Local GOP lawmakers rake in tobacco cash

(July 20, 2011)

San Diego Union-Tribune

July 20, 2011

Sacramento — San Diego County Republican lawmakers reaped a trove of campaign contributions from the tobacco industry during the last election cycle, according to a study released Tuesday by the American Lung Association in California.

As the then-Assembly GOP leader, Martin Garrick of Solana Beach took in the second-most contributions among all lawmakers — $15,600 — in 2009-10, according to the report, which has a searchable database.

All told, the tobacco industry gave $71,000 to sitting Republican lawmakers representing all or parts of San Diego County over that period. Not a single local Democratic incumbent received a direct contribution, the study states.

Cigarette makers and distributors contributed $6.5 million to California state candidates in 2009-10, a $4.5 million increase over the 2007-2008 election cycle, according to the association’s numbers.

In 2009-10, one out every two lawmakers were given various amounts of money. The industry also spent $2.76 million on lobbying, much of it dedicated to defeating new tobacco taxes, the lung association reported.

Over a longer period, 2003-10, Mark Wyland, R-Solana Beach, took in the most tobacco money among current local lawmakers, $47,743. He is the longest serving local Republican in the Legislature, once an assemblyman now a senator.

“The reason we have to go to the voters is because the tobacco industry kills any tobacco tax bills in the Legislature because it has so much influence,” said Debra Kelley, the San Diego-based senior director of advocacy for the lung association.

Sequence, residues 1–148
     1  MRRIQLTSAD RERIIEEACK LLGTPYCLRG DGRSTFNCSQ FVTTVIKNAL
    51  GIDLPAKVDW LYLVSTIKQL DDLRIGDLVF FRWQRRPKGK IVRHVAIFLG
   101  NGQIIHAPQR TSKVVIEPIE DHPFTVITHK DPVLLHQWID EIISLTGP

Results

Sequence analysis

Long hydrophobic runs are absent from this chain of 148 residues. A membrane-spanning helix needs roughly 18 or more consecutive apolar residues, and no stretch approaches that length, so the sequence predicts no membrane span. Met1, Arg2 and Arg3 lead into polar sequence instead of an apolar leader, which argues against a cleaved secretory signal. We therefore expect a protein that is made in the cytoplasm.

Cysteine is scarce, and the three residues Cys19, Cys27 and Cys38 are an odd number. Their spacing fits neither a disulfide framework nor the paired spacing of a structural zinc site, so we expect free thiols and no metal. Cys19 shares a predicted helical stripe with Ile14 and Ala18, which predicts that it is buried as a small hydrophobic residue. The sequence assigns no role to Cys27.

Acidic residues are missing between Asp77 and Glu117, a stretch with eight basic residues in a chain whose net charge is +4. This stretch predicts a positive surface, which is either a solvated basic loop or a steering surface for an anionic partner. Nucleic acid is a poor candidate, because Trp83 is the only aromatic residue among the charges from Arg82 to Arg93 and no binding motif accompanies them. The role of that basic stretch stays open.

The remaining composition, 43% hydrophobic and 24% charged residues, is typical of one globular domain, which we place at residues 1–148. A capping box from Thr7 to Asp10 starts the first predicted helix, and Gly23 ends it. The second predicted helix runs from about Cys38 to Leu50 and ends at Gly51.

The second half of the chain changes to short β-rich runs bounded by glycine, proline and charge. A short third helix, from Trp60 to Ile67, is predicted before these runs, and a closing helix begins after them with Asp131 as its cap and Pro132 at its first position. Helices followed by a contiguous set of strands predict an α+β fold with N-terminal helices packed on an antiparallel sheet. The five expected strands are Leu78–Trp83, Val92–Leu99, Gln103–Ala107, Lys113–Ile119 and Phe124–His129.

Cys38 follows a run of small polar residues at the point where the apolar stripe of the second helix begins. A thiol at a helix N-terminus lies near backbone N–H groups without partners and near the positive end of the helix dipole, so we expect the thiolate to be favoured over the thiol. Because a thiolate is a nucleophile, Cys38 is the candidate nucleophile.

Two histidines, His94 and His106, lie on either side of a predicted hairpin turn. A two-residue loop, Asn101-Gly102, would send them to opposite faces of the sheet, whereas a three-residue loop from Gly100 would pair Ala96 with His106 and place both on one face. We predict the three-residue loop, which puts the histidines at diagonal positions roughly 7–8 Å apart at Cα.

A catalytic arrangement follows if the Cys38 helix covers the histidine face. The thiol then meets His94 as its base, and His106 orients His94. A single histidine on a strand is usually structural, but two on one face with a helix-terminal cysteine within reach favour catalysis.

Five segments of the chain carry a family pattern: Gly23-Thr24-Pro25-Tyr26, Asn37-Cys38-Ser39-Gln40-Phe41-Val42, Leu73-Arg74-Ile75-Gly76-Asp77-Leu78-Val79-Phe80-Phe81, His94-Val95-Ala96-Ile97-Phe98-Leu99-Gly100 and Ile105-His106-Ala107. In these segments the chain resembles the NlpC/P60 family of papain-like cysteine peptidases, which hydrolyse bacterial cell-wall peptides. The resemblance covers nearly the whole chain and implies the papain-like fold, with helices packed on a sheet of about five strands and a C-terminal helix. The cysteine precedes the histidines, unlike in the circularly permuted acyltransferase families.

The report was issued as the lung association and other anti-smoking forces prepare for another election battle, this one over a $1 per pack tax on cigarettes to finance cancer research.

The measure will be on the next general election ballot, which could be in either February or June depending on when the Legislature settles on a date for the presidential primary.

This study, she said, offers Californians a look at the role tobacco money plays in state politics.

The industry has used its influence to bottle up a major bill in a committee friendly to the industry, she said. The Assembly Governmental Organization Committee is holding the measure, Senate Bill 575, that tightens current no-smoking laws in the workplace, including extending the no-smoking rule to owner-operated establishments. Chairman Isadore Hall, D-Compton, received $7,800 from the industry in the last election cycle.

It’s not just lawmakers on the receiving end. The industry spent $3.35 million to pass business friendly initiatives on the November ballot, including one that will force local communities to take proposals to raise taxes and fees on tobacco products and stores to a public vote.

It also contributed $716,000 to the California Republican Party and nearly $400,000 to a political action committee controlled by the California Chamber of Commerce from Jan. 1, 2009 through Dec. 31, 2010, according to the report.

A spokesman for tobacco giant Altria, parent of Phillip Morris USA, which markets Marlboro, Parliament and Virginia Slims, declined to comment. RJ Reynolds, makers of Camel, Kool, and Winston, could not be reached for comment.

With the Legislature on summer recess, Garrick and several local lawmakers, could not be reached for comment.

While local Democrats currently in office did not receive tobacco money, two former lawmakers did. Denise Ducheny, who was a senator and assemblywoman from San Diego, received $12,000. Steve Peace, a former assemblyman and senator also from San Diego, received $3,000.

That pales compared with contributions to now-departed Republicans. Then-Assemblyman George Plescia of San Diego received $56,487 and former Sen. Dennis Hollingsworth of Temecula brought in $33,436.